3. Protecting farmland from development pressures has never been more important than today… what steps will your party take to both protect farmland and the ability for people to farm that land?
4. ON farmers have had to contend with free and open trade with the US without the benefit of a US-style Farm Bill for support. It leaves Ontario farmers at the mercy of the subsidized competition to the South. Does your party support either a) creating a similar Farm Bill or b) challenging the US Farm Bill at the WTO?

Climate Change:
1. It has been suggested that “real”, economically viable farms must be at least $250,000 in sales annually- yet many organic farms are more profitable with smaller gross income than that- what approaches to agriculture are supported by your party’s platform?
2. Organic agriculture provides 30-50% greater water retention in soil, reduces on-farm energy use between 20-60%, does not rely on synthetic fertilizers, pesticides, or herbicides. What would your party do to support greater adoption of organic farming as a climate change mitigation strategy?
3. Seeds are a big issue for agriculture. Our pride and joy internationally is Canola- bred through public research dollars. Traditional seed breeding in the face of climate change is ever more important. Today, we have no national seed bank, and our traditional breeding programs have been gutted in favour of funding trans-gene research. Do you support increasing public investment in a seed bank and in seed stock development?

Organic Regulation:
1. Canada adopted our Organic Standards in 2009- yet today we have no secure funding for maintenance and upkeep of this federal standard, nor any funding for the work of the committees that do the interpretation work. Without funding, our internationally recognized standard is at risk: what would your party do to ensure long term, stable funding for maintenance and upkeep of our hard won organic standards?
2. While we’ve had an organic standard nationally since 2009, there has been no promotional or educational campaign from the federal government to promote the logo or educate Canadians on what the logo means. Would your party invest in this promotion?

GMOs:
1. When the election was called, the Standing Committee on Agriculture was about to vote on a GE Alfalfa moratorium: what is your party’s position on a GE Alfalfa Moratorium?
2. Depending on the study, between 75 and 85% of Canadians want GMO foods labeled: what is your party’s position on GMO labeling and why?
3. Organic farming techniques are increasingly being adopted or, more rightly, returned to the broader farming landscape. Would your party support permanent funding for public research on organic agricultural techniques?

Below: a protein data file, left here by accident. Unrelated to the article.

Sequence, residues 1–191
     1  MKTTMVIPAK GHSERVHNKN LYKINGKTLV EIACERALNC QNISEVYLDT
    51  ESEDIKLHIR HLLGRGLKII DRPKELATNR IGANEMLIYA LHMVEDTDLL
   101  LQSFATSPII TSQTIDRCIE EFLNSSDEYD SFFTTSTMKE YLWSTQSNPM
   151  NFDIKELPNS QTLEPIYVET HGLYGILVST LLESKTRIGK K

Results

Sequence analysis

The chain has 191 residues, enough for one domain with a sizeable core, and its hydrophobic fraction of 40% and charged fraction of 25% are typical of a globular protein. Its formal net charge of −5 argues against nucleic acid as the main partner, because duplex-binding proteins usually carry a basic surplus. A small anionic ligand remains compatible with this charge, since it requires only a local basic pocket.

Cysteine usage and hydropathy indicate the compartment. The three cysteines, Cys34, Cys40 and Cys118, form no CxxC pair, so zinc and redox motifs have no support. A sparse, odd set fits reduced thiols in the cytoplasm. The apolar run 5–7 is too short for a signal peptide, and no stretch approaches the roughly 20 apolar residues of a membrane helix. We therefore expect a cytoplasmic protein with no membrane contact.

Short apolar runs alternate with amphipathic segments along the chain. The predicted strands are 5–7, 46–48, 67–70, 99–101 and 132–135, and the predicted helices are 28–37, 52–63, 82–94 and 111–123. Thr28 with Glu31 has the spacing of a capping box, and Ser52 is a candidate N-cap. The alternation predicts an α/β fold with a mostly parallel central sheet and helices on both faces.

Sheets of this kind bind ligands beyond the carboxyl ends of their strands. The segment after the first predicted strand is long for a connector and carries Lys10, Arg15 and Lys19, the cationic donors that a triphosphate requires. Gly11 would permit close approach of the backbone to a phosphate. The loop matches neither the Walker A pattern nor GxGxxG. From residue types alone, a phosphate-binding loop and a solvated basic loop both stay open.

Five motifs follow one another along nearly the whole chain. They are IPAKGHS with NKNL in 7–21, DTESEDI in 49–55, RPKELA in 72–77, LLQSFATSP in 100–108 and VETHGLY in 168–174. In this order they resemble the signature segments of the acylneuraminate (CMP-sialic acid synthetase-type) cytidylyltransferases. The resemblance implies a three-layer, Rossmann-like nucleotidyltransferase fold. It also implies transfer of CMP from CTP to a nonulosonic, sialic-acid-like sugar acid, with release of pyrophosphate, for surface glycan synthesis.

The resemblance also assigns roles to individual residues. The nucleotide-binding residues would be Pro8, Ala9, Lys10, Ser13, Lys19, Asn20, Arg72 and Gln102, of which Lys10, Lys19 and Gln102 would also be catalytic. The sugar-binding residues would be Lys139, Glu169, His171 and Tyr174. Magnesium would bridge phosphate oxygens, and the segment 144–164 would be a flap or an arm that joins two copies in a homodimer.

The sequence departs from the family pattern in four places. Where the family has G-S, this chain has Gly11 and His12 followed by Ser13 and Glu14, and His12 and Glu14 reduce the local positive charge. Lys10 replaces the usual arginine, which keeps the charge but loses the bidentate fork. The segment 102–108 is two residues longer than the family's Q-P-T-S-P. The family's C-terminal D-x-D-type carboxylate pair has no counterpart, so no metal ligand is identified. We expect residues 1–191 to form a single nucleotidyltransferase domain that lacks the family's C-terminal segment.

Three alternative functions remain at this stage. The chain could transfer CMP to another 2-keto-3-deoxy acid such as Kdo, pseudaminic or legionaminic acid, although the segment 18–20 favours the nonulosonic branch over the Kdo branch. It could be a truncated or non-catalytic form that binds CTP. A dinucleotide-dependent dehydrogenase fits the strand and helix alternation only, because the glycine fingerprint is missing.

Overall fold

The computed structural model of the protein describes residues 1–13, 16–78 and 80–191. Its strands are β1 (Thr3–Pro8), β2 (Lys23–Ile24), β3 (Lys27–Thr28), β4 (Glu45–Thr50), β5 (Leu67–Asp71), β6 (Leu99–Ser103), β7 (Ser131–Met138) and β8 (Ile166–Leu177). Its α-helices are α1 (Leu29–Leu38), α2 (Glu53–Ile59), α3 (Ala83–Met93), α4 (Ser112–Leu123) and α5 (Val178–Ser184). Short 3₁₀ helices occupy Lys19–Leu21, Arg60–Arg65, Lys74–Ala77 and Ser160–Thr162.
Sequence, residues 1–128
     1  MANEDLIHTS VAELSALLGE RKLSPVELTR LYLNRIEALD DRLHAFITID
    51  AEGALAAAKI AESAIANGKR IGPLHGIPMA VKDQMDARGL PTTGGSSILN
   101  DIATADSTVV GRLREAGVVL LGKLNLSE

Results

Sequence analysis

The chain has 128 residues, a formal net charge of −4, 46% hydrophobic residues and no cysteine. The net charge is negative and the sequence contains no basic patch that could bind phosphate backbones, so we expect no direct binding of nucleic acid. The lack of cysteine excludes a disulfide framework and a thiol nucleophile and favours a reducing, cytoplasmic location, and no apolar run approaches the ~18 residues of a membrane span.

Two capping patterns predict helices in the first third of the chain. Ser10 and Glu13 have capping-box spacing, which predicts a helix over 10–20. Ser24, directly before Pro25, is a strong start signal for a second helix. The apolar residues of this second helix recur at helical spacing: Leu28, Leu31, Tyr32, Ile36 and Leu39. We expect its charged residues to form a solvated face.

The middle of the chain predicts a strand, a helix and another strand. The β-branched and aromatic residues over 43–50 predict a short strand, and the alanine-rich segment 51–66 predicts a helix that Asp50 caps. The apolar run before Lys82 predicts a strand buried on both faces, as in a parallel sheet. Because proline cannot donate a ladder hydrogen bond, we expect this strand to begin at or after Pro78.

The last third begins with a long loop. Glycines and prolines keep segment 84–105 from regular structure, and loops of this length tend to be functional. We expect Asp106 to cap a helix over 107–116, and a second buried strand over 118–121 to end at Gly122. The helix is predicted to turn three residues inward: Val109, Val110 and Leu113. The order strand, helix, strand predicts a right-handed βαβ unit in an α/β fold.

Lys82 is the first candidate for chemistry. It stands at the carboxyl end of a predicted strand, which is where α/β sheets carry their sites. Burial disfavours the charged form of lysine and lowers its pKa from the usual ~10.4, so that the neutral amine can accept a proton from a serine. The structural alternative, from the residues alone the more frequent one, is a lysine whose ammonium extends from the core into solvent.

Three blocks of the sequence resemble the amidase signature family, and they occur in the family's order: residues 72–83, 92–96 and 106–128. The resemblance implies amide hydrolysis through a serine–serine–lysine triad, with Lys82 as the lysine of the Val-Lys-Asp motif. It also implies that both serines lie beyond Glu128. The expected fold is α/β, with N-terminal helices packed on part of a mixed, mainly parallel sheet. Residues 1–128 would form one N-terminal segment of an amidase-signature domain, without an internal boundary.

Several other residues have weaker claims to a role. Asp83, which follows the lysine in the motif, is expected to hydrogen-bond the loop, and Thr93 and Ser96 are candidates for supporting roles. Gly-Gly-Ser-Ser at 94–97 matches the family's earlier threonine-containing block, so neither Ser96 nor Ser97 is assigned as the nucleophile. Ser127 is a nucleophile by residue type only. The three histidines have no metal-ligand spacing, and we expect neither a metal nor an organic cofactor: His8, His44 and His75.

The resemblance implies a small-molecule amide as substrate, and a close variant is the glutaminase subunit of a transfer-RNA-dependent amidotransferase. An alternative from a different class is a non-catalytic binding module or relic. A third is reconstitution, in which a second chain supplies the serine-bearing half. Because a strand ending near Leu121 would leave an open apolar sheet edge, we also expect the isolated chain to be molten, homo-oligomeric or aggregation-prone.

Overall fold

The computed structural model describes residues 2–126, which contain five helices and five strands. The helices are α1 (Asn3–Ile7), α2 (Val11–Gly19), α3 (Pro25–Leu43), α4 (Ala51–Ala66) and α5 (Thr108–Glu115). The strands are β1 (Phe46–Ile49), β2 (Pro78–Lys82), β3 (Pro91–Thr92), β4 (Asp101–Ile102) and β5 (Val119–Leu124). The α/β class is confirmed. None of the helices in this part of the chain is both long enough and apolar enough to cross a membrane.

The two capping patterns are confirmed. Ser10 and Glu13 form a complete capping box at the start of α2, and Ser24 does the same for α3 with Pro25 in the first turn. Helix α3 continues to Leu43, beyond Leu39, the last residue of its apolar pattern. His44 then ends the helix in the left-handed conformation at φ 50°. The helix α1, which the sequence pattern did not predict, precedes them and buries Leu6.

Farm and Food Infrastructure: 1. Local food is not a trend: it is a shift, says Sandy Houston of the Metcalf Foundation. Yet to have local food year round, Canada needs to heavily invest in and update our processing sector, as well as our post-harvest handling and storage infrastructure. What is your party`s policy on supporting investment in food processing?
2. Abattoirs are closing in Ontario at an alarming rate. The regulations in place favour consolidation, not diversity, in processing. Yet these regulations did not prevent the Maple Leaf deaths . Other jurisdictions have regulations for micro and small scale processing that is scale appropriate. What is your party’s position on appropriate regulations for local, sustainably produced processed food?

posted on April 20, 2011

Organic Farmers Sue, Seek Protection From Monsanto

By:' Carey Gillam
Published: 30-Mar-11
Source: Reuters

A consortium of U.S. organic farmers and seed dealers filed suit against global seed giant Monsanto Co. on Tuesday, in a move to protect themselves from what they see as a growing threat in the company's arsenal of genetically modified crops.

The Public Patent Foundation (PUBPAT) filed the suit on behalf of more than 50 organizations challenging the chemical giant's patents on its genetically modified seeds. The group is seeking a ruling that would prohibit Monsanto from suing the farmers or dealers if their organic seed becomes contaminated with Monsanto's patented biotech seed germplasm. Monsanto is known for its zealous defense of its patents on a range of genetically altered crops. Its patented "Roundup Ready" soybeans, corn and cotton are favorites of U.S. farmers because of their ability to withstand herbicide treatments.